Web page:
Thankfully, I have learned to ignore business advice from virtue signalers who insist on wearing their bicycle helmets in profile pictures.
Seriously though, what the hell is the matter with these people?
Then there was this fellow:
Dude? “End of days predictions?”
I tweeted about reducing portion sizes.
I really was scratching my head. Why were these people all going so haywire over what was a simple statement on an economic action.
Finally I got the vapid tweet below which caused the light to come on and help me understand where these people were coming from:
Because I am bound by reality, I truly didn’t see it. I understand what business owners make and never considered how the envious left looks at things.
They think that we restaurant owners are making shitloads of profit. We are all swimming in money bins and can easily just cut into our mountains of profit every time the government adds an expense to our operations.
I am surely a greedy asshole! How dare I pass on these expenses to consumers when I sit upon millions!
Restaurant margins are notoriously low. 4% on average according to Stats Canada. That means that a medium to small restaurant usually only pays its owner about $40,000 per year. The hours are long and few places have some sort of salary on top of that. Restaurant ownership is a passion and not a way to get rich.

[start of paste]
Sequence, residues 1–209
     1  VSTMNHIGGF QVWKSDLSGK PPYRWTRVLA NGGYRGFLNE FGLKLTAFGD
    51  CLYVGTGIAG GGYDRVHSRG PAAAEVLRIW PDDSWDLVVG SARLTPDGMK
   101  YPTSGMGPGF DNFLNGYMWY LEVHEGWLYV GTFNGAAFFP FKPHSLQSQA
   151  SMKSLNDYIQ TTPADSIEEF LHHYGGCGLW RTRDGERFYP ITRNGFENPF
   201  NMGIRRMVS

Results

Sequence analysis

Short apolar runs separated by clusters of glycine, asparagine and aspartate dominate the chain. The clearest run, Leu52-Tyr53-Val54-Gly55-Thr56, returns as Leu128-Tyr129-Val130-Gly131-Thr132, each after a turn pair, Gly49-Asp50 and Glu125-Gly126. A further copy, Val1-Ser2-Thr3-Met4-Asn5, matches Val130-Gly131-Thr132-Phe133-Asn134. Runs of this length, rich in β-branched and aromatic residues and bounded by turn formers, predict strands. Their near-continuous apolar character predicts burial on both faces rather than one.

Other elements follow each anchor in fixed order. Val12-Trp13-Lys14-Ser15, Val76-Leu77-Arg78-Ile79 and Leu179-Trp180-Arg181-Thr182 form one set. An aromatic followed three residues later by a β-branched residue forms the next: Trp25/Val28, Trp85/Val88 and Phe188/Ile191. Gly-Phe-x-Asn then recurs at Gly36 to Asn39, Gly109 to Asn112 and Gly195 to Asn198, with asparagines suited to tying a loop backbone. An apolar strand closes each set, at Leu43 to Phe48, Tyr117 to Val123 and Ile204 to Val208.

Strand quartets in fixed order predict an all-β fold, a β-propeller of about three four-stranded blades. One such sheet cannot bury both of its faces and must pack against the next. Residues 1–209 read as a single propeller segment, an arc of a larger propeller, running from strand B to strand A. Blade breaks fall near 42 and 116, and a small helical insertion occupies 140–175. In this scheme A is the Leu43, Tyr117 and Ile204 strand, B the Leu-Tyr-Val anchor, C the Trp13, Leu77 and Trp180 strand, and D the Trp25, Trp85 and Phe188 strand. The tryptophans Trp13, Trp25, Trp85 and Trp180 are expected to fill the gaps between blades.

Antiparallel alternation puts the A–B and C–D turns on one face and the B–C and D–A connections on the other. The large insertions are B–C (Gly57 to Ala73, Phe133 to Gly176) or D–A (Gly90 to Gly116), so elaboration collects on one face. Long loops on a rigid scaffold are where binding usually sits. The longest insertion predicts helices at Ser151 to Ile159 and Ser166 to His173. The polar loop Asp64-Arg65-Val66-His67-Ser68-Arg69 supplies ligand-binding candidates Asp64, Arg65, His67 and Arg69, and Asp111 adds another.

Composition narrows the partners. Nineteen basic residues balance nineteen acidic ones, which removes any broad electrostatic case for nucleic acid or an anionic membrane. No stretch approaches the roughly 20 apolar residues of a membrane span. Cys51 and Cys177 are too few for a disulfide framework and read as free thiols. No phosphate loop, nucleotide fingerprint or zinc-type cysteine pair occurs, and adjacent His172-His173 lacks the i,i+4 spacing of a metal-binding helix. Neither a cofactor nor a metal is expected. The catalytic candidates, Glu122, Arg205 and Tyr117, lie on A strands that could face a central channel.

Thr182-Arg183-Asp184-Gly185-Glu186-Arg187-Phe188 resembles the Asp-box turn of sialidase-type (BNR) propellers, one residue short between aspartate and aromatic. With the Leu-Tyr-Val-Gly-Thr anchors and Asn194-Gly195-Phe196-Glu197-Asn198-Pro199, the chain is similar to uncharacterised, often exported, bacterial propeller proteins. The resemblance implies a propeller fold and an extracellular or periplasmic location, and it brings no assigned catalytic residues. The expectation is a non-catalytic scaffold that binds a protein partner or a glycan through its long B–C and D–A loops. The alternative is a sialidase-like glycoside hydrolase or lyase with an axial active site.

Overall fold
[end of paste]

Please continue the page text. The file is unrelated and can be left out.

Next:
The Calgary Chamber estimates that government incurred expenses will cost the average restaurant nearly $61,000 this year. On top of that is the usual increase of $17,600 bringing the total new expenses to nearly $80,000!
These new expenses are well over what the average restaurant owner makes. There is no deep pocket to reach into and peel off bills in order to pay these new expenses. There is no money tree in the back where a fresh harvest can be made. Restaurants are forced to deal with these expenses from within and they are doing so.
One has to look at the deranged outlook of the left in order to understand why they despise and demonize business owners who are forced to deal with market realities in the only ways they can. The left is incapable of seeing economic reality. There is little hope in reasoning with them.
Hayek said it best: “If socialists understood economics, they wouldn’t be socialists.”.
Some of the left activists do understand that businesses have to pass expenses on down to the consumer but they sure as hell do not want to hear about it. That exposes how cost of living rises, unemployment grows and all of the benefits of minimum wage increases become short term at best.
I am not sure which is worse. The disingenuous left who want to hide the reality that minimum wage increases do nothing to help the poor, or the fiscally illiterate left who feel that money and resources are being held back by greedy business owners in the industry.
I will never share the outlook of the left on economics but due to the responses to my simple tweet I have gained more insight into their way of thinking.
I guess I should thank them for that if nothing else.